Sunday, February 16, 2014

THE 4.6L V8 2014 LEXUS GX460 SUV

Lexus has updated its GX460 SUV for 2014, and aside from a minor shuffling of standard and optional features—and the addition of a new Luxury trim level—the biggest change hits the GX’s face. It now incorporates Lexus’s signature spindle grille, a styling element whose proliferation to each of the brand’s models is finally complete. (Discounting, of course, the heavy metal  rolling down IS C convertible that’s waiting around for its new-look IS coupe replacement, the RC.) The GX, which is badged as the Toyota Land Cruiser Prado in other markets, now bears at least a passing resemblance to Lexus’s other two SUVs, the RX and the LX.

The GX 460 to has a 4.6-liter V8 engine. The GX is the smaller of Lexus’s two proper four-wheel-drive SUVs, and like big-brother LX570, it remains one of the few luxury rigs out there with a low-range transfer case and rugged off-roading hardware. As for carry over mechanicals, the full-time four-wheel-drive system still utilizes a lockable, torque-sensing Torsen limited-slip center differential, and paired with the GX’s prodigious ground clearance makes for a trail-friendly conveyance. The 301-hp, 4.6-liter V-8, six-speed automatic transmission, and meager fuel economy (15 mpg in the city and 20 on the highway) also return for 2014. 

In the Lexus lineup, the GX is situated between its crossover counterpart, the RX, and the premium full-size LX. All GX production has occurred at the Tahara plant in Japan, alongside the Toyota Land Cruiser Prado. In fact, both generations of the GX have been heavily based on the Prado, with updated frontal styling to better integrate with the Lexus design language.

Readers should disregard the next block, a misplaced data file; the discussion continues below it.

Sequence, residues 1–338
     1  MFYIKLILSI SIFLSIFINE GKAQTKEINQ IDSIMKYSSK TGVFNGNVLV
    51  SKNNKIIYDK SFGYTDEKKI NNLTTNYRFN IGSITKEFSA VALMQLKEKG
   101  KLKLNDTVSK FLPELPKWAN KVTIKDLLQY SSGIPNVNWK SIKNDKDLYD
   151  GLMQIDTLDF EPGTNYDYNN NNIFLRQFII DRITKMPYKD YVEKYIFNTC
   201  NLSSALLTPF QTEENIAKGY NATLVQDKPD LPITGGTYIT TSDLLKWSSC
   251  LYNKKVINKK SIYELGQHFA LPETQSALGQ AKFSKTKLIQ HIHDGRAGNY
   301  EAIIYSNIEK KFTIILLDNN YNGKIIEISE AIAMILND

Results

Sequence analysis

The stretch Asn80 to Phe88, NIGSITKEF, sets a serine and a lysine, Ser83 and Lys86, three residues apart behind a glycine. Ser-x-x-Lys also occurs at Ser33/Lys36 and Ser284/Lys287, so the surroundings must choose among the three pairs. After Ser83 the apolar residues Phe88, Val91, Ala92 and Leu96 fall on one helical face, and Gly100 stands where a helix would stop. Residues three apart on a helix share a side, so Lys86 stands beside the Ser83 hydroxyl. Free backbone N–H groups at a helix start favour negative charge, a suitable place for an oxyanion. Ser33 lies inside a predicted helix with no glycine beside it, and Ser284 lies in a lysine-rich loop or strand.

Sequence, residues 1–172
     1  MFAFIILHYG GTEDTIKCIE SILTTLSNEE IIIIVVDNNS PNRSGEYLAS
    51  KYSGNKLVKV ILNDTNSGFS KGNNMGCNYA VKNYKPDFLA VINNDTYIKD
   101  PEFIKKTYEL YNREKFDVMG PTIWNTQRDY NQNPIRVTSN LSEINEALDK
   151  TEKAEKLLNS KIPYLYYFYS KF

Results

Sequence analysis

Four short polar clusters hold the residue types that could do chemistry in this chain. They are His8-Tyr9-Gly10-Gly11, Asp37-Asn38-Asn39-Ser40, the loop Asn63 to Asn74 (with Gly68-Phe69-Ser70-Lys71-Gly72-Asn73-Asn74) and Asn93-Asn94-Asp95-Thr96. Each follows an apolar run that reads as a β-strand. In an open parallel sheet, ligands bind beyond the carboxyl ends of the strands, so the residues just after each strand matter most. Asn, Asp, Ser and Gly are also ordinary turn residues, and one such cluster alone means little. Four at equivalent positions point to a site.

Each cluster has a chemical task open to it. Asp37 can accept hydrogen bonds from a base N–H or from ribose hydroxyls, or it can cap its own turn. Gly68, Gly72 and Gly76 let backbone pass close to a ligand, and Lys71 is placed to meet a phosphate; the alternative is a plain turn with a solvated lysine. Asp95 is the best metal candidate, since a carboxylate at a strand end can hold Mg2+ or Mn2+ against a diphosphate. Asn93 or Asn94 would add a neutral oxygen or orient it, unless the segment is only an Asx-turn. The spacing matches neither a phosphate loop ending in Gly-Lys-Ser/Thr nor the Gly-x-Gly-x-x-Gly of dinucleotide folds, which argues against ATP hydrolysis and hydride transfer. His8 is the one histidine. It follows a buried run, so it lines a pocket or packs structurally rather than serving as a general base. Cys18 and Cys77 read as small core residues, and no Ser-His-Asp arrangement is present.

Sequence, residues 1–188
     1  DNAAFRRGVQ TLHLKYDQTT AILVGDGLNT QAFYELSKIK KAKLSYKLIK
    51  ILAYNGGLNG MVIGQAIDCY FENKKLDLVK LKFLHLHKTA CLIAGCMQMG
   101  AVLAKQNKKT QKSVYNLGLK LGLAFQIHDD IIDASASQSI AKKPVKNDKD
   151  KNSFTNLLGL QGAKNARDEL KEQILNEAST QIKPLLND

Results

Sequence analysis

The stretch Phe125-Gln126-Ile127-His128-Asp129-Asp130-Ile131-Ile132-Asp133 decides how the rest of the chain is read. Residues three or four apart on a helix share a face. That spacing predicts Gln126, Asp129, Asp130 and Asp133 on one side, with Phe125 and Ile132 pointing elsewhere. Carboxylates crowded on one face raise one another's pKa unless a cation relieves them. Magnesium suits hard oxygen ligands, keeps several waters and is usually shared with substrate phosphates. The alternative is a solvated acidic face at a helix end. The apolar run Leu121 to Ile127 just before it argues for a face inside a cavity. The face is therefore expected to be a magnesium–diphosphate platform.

Elsewhere, the changes are less prominent and mainly restricted to minor trimmings, such as wheels and taillamp lenses inserts. Inside, the first generation interior largely mirrors that of the Toyota-badged version, but for the second generation, the interior has been further individualised with less shared componentry.

The GX 460 debuted at the China (Guangzhou) International Automobile Exhibition in November 2009. The redesigned model continued with body-on-frame construction, full-time four-wheel drive, a hi-lo transfer case, and a Torsen center locking differential. The Kinetic Dynamic Suspension System (KDSS) became standard. Power came from a new 4.6-liter 1UR-FE V8 engine producing 224 kW (301 hp) and 446 N·m (329 lb·ft) of torque, mated to a new six-speed automatic transmission. 

Fuel economy was improved over the prior generation, while maximum towing capacity was 2,950 kilograms (6,500 lb). The drag coefficient was reduced to Cd=0.35. The rear wiper was hidden under the rear spoiler, and while the tailgate remained side-opening, a flip-up glass panel was added.

Lexus GX 460 interior 
The interior added a power-folding, two-passenger third row which folded flat, allowing capacity for up to seven passengers, with the second row sliding or tilting for third row access. Because the third row was no longer removable and used additional space, cargo capacity declined. A toggle switch replaced the transfer case's floor mounted shift lever, and the gauge cluster added a steering wheel angle display for off road situations. Similar to before, a Mark Levinson sound system and two-display Rear Seat Entertainment System (RSES) were optional, while three-zone climate control, semi-aniline leather, and heated second row seats and steering wheel were new options.

The GX460’s standard and optional features list has been adjusted to accommodate all models gaining more equipment—without an increase in price. In fact, the entry-level 2014 GX460 starts at $49,995, which is $4710 less than last year’s base model. Buyers who spec the Premium package (which adds navigation, a backup camera, park assist, heated and ventilated front seats, heated outboard rear seats, and tri-zone climate control) will spend $54,705, nearly $4000 cheaper than a similarly equipped 2013 model. A new $61,625 Luxury trim level replaces last year’s Premium spec at the top of the GX460 price hierarchy, and gets a standard adaptive air suspension, navigation, park assist, 18-inch aluminum wheels, and two safety features new to the GX this year: blind-spot monitoring and rear cross-traffic assist. Lexus’s radar-based pre-collision system (with adaptive cruise control) and driver monitor remain optional let goods times roll or heavy metal hit road. 

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